I didn't expect her to call five minutes later and offer us Howard's brother.
I learned that the breeder had reserved one of her puppies to be a show dog. He was extremely eager to please but also extremely nervous, which is not unusual to see in Shelties.
Piper wasn't going to handle the show dog lifestyle at all. He needed a loving family where he could feel secure. Who better to live with than his brother?
We mulled it over but deep down we already knew the answer... Of course we would take another Sheltie!
The Day We Met Piper
Since they were half brothers, I was expecting to meet a dog very similar to Howard Woofington Moon. I had a vision of him looking just like Howard but in denim dungarees for some unfathomable reason.
But the moment I laid eyes on Piper, I realized he was completely different to our bold and confident boy.
When Piper caught sight of us, he crouched into a tiny ball like a hedgehog. Terrified and anxious, he tried to melt himself into the grass so we wouldn't see him.
Here he is a little later, having developed the confidence to sit up.
Howard, on the other hand, was busy peeing on the breeder's foot.
We introduced the boys and they sniffed at each other curiously. There was no growling, just some pricked ears and high tails while they sniffed each other's faces and butts. From then we knew they'd get along.
We took a tour of the Sheltie kennels and met their father, Storm, who looked strikingly like Howard.
We met a dozen other beautiful Shelties that day. By then I was Sheltie obsessed and it was a huge treat to meet so many Shetland Sheepdogs.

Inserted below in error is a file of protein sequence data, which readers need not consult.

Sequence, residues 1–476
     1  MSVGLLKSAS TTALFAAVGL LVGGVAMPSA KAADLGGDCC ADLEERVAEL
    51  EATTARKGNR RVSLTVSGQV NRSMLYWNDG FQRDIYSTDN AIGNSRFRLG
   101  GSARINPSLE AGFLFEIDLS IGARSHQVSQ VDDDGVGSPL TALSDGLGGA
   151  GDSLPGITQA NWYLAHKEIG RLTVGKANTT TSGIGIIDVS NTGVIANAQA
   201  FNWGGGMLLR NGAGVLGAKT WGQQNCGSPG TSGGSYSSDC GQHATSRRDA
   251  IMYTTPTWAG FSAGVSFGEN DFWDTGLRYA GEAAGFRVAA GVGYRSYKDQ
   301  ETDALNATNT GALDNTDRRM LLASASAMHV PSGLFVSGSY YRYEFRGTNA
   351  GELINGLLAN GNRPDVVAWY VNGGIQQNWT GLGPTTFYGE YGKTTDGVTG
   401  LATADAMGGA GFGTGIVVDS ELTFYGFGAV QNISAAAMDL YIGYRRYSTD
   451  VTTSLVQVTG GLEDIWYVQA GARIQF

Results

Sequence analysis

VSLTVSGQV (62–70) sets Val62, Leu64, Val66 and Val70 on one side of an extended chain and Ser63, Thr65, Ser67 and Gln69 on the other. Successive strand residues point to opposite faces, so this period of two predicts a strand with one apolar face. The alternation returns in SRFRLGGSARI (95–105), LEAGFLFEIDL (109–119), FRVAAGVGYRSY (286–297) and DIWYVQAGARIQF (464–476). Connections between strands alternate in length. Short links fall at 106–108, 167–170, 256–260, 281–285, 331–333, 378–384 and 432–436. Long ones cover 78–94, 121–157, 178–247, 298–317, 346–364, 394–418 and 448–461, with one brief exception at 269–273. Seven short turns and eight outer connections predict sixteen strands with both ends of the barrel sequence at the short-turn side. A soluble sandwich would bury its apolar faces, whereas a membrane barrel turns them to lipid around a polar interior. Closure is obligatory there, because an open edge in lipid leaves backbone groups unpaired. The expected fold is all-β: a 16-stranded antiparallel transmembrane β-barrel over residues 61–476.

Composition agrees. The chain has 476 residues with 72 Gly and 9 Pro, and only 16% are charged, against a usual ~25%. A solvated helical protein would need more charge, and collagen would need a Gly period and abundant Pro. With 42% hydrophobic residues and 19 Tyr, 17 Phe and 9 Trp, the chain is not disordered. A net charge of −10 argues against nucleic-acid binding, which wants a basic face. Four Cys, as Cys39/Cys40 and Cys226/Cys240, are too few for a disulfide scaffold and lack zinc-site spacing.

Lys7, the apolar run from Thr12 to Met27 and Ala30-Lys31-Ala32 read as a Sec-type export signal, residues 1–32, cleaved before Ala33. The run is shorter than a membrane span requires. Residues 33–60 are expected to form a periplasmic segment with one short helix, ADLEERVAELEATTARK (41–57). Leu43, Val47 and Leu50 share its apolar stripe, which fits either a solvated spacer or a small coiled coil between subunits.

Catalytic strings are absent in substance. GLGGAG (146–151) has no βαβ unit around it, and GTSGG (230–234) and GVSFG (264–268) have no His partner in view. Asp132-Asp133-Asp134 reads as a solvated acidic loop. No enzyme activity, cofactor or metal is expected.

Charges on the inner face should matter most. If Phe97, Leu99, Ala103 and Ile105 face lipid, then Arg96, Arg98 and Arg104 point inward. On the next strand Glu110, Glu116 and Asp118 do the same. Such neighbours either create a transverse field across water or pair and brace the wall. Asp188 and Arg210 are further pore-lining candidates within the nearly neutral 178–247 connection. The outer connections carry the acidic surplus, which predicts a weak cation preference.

The journey home was scary for Piper.
He sat tensed up and scared on my lap. He threw up twice. I did everything I could to reassure him. I wished he could have understood. But he was just so scared of everything.
Life got a lot better for Piper after that.
Reunited with his brother, he settled in to his new home. The timid little guy found his voice too. If someone asks Are Shelties Barkers? I just point to Piper.
Piper also has a gorgeous habit of howling like a baby wolf when the answer machine goes off.
Sometimes we go on a big hike into the forest and start howling so Howard and Piper can go for it. It's a really great feeling when we all howl together!
Piper looks so confident these days compared to our first meeting, when his whole world changed.
This is us now.
Piper is also the perfect lap dog. You only need to make eye contact across the room and he'll immediately sit up, ears pricked, tail wagging, waiting for you to invite him up.
Life with two Shelties is great.
Because I work from home they're rarely alone, which suits sensitive dogs like Shelties.
They also love to play together.
Howard and Piper excel at teamwork. Piper uses his nose to open underwear and sock drawers, and Howard uses his teeth to displace the contents around the house.
It's not unusual for visitors to see Howard proudly trotting into the living room with my underpants in his mouth.
But they are good dogs really. Especially when liver treats are involved.
And that's life with our Shelties. We wouldn't change a thing.